displayed should be: 
        MESSAGE       MEANING 
        ---------------   ------------------------------------------------ 
        DoC found       (BIOS detected the DoC Extension) 
        DoC Mil D000  (BIOS jumped to DoC boot interrupt) 
        E698               (DoC Chip ID and Manufacturer code, for example) 
        Grub:               (Jumping to stage2) 
        DiskOnChip 2000 found at d0000    (first stage 2 message) 
When the boot process completes, there might be a "grub>" command line.  We 
haven't installed a kernel or a "menu.lst" file on the DiskOnChip yet, so 
this step is just to verify that the "grub_firmware" was installed correctly, 
and that the DoC will boot. 
If you are already using GRUB on a hard drive, it's possible that the DoC 
GRUB will locate and use the menu.lst file in the /boot/grub directory on the 
drive.  In this case, you should have the GRUB boot selection menu as usual 
-- GRUB booted from the DoC, but loaded the boot options from the hard drive. 
At this point, you can either reboot again, change the boot sequence back to 
IDE (or whatever), and boot back into Linux.  Alternatively, if you know 
where your kernel and root filesystem is on the hard drive, simply type 
something like: 
        kernel (hd0,0)/vmlinuz-doc root=/dev/hda2 
If Grub doesn't boot, the informational messages may help determine why, or 
where the failure occurred.  Remember, if the 
"--enable-diskonchip-ctrlbypass" option was specified, holding the ctrl-key 
during boot should bypass the DoC entirely. 
8.  Get the latest MTD sources: 
        cvs -d :pserver:anoncvs at login  
        (password = anoncvs) 
        cvs -z3 -d :pserver:anoncvs at co mtd 
Alternatively, there are daily CVS snapshots available as .tar.bz2 files at: 
Patch a kernel, select the various DiskOnChip MTD options as specified above, 
and build a new kernel.  Reboot. 
9.  Verify FAT Partition 
You should now be able to partition the DiskOnChip, and create the 
appropriate file systems.  The DFORMAT command used earlier should have 
created one FAT partition on the DoC.  To verify this, try: 
        mkdir /mnt/doc 
        mount /dev/nftla1 /mnt/doc 
        umount /mnt/doc 
If the mount is not successful, you might need to run the ./MAKEDEV script to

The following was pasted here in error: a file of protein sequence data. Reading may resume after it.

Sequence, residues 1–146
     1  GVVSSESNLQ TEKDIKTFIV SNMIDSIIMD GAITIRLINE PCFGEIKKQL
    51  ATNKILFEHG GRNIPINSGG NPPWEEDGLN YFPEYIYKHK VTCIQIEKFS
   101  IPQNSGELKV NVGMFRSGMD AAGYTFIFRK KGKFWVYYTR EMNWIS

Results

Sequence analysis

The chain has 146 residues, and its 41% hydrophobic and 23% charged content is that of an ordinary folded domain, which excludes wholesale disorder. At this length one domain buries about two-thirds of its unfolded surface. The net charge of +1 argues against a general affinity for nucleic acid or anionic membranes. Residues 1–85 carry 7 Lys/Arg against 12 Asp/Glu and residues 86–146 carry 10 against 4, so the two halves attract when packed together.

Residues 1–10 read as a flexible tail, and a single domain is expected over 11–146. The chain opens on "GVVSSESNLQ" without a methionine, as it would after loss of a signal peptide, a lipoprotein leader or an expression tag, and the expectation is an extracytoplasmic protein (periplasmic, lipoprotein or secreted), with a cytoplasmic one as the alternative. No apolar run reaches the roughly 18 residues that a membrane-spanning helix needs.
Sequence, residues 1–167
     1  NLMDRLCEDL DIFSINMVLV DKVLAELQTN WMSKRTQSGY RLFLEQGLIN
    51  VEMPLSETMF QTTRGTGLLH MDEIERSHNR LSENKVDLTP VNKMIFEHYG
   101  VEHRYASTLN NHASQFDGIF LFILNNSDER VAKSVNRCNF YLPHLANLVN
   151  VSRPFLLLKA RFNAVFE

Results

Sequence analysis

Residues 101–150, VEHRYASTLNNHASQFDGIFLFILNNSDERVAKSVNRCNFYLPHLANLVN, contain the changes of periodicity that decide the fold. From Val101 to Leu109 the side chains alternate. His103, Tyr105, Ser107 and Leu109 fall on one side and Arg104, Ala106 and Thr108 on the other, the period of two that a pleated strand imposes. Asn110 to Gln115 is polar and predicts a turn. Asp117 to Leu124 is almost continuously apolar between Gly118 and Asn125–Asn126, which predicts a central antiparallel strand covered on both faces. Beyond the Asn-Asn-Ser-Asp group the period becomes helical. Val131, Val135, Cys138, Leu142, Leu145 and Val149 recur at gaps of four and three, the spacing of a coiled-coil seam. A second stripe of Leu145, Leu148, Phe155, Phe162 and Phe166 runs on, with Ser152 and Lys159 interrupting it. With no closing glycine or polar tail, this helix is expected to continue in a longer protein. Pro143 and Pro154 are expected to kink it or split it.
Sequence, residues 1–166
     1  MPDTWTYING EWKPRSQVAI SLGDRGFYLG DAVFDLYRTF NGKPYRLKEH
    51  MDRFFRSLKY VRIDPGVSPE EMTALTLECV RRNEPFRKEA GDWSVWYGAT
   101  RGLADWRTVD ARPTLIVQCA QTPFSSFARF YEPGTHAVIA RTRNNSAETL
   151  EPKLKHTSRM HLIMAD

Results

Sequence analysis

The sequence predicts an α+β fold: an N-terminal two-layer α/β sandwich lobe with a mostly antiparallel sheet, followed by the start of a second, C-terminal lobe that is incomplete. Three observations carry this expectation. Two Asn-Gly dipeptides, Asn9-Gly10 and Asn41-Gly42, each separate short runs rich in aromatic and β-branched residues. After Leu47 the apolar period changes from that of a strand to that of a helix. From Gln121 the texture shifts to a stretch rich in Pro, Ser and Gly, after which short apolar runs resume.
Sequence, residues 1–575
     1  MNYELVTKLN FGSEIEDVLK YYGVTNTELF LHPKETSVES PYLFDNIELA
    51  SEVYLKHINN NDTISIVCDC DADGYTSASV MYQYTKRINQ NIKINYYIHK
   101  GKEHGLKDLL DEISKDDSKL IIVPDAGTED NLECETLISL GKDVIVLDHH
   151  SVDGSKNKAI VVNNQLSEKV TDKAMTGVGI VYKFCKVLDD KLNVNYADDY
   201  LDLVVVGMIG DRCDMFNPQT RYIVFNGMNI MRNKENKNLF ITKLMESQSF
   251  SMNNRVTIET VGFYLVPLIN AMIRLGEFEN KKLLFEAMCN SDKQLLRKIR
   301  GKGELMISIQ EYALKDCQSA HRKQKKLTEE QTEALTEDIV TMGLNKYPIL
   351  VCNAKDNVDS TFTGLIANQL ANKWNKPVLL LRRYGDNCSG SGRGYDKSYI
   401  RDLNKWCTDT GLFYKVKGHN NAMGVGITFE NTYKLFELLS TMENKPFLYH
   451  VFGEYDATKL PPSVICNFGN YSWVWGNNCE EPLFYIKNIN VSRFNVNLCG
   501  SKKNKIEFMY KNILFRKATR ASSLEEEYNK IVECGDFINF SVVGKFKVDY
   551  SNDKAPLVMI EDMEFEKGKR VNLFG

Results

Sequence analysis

create the proper device MTD device entries in the /dev directory.  This 
MAKEDEV utility is available in the MTD archives. 
The other common cause of failure at this point is the use of earlier MTD 
versions -- for instance, a unmodified 2.4.18 kernel will not be successful 
in mounting this FAT partition.  If the "dmesg" output has a message that 
says something like "we don't support a unit size factor != 1", then you 
definitely need to update the MTD code in the kernel. 
10.  Create ext2 partition on the DiskOnChip 
To boot directly from the DoC, we'll need to create an ext2 partition, and 
install the kernel and GRUB menu.lst file: 
        fdisk /dev/nftla                 
        d 1 <enter>             (delete fat partition created by DFORMAT) 
        n p 1 <enter> <enter>   (new primary partition, using defaults) 
        w                               (save new partition info) 
        mke2fs /dev/nftla1       
        mount -t ext2 /dev/nftla1 /mnt/doc 
        mkdir -p /mnt/doc/boot/grub 
        cp /boot/vmlinuz-doc /mnt/doc/boot 
Now create a "menu.lst" file in /mnt/doc/boot/grub.  This file should contain 
the following: 
        timeout 10 
        default 0 
        title DiskOnChip Boot 
        kernel (dc0,0)/boot/vmlinuz-doc root=/dev/hdaX 
Where hdaX is the hard drive that contains your root Linux filesystem.  You 
could also add another entry to the file to boot directly from the hard 
drive, if desired. 
Umount the /mnt/doc directory, and reboot the PC. 
At this point, the PC should boot entirely from the DoC, and attempt to mount 
the root filesystem on your hard drive.  If this works, the next step to a